“And…” I manage to say.
“And, of course, we haven’t got enough work to keep you fully occupied. I was talking with (Hubby) only yesterday and he says that we have a maximum of three months work a year. Less in fact once you finish the changes on the site.” Please note the taseful use of of course. (Hubby), as I may have already mentioned, hates me. Nothing personal. He regards me with the same cold distrust as he reserves for anyone who suggets that perhaps all the company’s IT solutions shouldn’t necessary be coded in MS Access. They say that to someone who is armed with only a hammer, all problems look like nails. In (Hubby)’s case, all IT issues look like MS Access. I’m sure that he also uses it for web surfing and that this is why he complains about my coding—THIS SITE DOES RENDER CORRECTLY IN ACCESS! I can near him mumbling from afar.

“And…” is in fact what I say.
“So, of course, you have a permanent contract.” Yes, and you and (Hubby) insisted that I took it when you hired me as a temp as:
Point number one – you realised that you wouldn’t have to pay me the 10% precarity bonus if you took me on
Point number two – you’d never find someone else who coded as well as I did and who did it so cheaply.

“And…”
“Mumble, mumble, lack of work, mumble, mumble, results, mumble, mumble, reduce costs, mumble, mumble…” What she really wanted was me to roll over on my back, spread my little stubby legs in the air and invite her to scratch my tummy. Then she’d pull out a small plastic bone, throw it affectionately while I ran in circles, barking and panting good-naturedly before bringing back the toy. Then she’d throw it over a good, steep cliff counting that I’d follow it, still barking aimiably.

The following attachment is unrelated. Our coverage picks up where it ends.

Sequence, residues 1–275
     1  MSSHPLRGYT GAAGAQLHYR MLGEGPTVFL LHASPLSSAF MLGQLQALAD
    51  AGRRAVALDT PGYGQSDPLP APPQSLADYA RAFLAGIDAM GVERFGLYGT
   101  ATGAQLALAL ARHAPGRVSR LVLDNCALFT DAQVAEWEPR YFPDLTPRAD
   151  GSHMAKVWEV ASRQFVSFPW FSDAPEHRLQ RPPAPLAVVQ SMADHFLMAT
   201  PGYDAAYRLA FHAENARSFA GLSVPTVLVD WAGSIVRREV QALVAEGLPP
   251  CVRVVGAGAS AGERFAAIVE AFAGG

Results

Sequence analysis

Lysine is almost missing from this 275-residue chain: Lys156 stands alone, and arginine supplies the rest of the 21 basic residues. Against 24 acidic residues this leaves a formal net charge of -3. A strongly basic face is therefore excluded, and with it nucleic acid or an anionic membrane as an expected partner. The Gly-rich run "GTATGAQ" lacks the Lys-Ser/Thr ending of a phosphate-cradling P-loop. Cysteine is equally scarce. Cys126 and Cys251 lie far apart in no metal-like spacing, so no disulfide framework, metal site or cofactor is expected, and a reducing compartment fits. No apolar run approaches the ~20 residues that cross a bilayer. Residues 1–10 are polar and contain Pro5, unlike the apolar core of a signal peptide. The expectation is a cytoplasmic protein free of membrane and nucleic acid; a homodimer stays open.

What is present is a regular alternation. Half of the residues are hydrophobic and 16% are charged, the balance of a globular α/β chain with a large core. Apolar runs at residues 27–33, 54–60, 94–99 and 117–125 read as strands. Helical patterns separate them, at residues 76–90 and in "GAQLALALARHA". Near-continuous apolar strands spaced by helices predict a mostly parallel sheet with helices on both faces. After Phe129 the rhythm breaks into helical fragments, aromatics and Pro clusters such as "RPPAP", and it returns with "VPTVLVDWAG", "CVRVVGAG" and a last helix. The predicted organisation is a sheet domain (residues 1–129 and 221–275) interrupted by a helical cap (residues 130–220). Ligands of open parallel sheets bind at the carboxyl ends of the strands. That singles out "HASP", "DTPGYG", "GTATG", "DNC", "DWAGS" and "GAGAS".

“And…”
“Mumble, mumble, mumble, mumble, mumble, mumble, mumble, mumble…” She has at this point entered aimless-mumble mode. This means that she will just mumble on, occasionally repeating herself. It doesn’t mean that she has no argument. It doesn’t mean that she has run out of arguments. Both of these cases imply that she had an argument in the first case. She always does this, believing that when she waffles, not only does it make sense, but that you can only agree.

When I had asked her for the n-th time for the 15-eurocent-foreign-language bonus that I was supposed to receive every month, she did the same thing. I interrupted her and asked her what she was saying.
“I was quite clear,” she said.
“No you weren’t otherwise I wouldn’t have interrupted you and asked you what you were saying.”
“I said that I will not shirk my responsabilities and that I will do all that is necessary.”
“That is what you said last month and nothing has changed.”
“I know.”